Armenia Facing ‘Elite Factions’ Confrontation – American Expert
Azerbaijan, Baku, 6 March / Trend corr A. Gasimova/ American expert Jeff Mankoff said the real dividein Armenia seems to be between different factions of the elite rather than between different ideas of how the state should develop. "In the long run, the Armenian government faces a lot of same pressures that led to coloured revolutions elsewhere (poverty, poor governance, corruption), but for now the real divide seems to be between different factions of the elite rather than between different ideas of how the state should develop," Jeff Mankoff, a fellow at the Olin Institute for Strategic Studies at Harvard University and a writer for the History News Service told Trend via e-mail on 6 March.
After violent suppression of the demonstration, many oppositionists were arrested, and their fate is still unknown.
According to Mankoff, the opposition's refusal to recognize the results of an election, which was largely endorsed by international observers, was an irresponsible step. "Democratic government only works if the losers accept their loss, but are also guaranteed the opportunity to try again in the next election. In Armenia, the government made the situation worse by using force against largely peaceful protesters and arresting members of the opposition," he said.
"The chances are less since Baghdasarian agreed to join the government," he said. Bagdasarian is the leader of the Orinats Erkir party. On 29 February, he agreed to the authorities' call to establish a coalition government and was appointed the National Defence Secretary.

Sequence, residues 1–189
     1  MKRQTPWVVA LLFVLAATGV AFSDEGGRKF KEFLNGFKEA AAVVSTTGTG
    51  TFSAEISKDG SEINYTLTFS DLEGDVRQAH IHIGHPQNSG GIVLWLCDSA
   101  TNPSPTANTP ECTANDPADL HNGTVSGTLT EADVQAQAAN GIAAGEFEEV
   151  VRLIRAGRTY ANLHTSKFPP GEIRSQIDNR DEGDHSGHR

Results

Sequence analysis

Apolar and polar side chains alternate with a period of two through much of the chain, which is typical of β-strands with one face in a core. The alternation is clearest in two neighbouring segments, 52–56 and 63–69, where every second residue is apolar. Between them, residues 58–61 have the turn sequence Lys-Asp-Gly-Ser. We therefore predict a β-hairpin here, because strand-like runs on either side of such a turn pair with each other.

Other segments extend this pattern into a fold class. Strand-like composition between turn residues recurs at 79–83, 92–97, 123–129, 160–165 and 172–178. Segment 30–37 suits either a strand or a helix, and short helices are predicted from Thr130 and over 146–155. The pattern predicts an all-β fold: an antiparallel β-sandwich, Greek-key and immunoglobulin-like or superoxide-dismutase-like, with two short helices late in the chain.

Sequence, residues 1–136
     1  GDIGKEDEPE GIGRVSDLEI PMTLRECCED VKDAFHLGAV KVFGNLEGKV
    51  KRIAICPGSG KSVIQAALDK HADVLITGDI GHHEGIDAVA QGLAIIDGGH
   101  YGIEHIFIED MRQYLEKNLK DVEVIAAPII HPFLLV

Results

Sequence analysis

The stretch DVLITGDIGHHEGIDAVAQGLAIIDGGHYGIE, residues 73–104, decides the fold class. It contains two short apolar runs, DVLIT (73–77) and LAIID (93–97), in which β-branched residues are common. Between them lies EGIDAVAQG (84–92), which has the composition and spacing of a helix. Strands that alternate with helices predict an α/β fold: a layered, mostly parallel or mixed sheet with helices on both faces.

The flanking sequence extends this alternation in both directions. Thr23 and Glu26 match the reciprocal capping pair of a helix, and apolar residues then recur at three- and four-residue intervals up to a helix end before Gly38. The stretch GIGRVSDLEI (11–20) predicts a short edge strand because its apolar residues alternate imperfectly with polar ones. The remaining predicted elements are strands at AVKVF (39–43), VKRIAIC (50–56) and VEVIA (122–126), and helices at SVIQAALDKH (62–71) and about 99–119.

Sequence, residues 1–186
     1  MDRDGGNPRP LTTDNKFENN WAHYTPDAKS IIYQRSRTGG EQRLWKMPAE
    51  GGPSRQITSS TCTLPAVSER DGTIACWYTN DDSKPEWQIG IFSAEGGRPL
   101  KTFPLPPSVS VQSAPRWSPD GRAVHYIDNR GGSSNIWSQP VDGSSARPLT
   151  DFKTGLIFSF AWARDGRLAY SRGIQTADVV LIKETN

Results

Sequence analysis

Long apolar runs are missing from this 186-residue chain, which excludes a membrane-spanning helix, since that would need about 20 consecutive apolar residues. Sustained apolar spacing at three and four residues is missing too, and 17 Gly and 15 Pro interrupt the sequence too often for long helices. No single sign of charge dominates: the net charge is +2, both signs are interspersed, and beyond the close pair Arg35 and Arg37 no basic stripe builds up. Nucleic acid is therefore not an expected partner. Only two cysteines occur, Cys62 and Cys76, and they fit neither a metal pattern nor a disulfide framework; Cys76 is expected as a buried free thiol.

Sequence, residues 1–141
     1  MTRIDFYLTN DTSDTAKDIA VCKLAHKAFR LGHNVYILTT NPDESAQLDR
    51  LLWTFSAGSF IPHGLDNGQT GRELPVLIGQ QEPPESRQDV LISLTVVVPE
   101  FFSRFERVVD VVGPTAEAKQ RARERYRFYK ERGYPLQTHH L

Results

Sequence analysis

"For that reason, a revolution in Armenia could look more like what happened in Kyrgyzstan than what happened in Ukraine or Georgia".
On 19 February, Armenia held presidential elections. According to the final results of the Armenian Central Election Commission, Serzh Sargsyan, the head of the Republican Party, won the elections with 52.82% of votes (862,369). The ex-President Levon Ter-Petrosyan took the second place (21.5%).
Since 20 February, Yerevan has been facing demonstrations, rally-marches, as well as sitting student protests organized by the opposition. The organizers and participants protest against the results of the elections. According to the Armenian Health Ministry, the number of the victims of riots, which took place in Yerevan on 1 March, has totalled 131, and 8 of them died from gunshot wounds.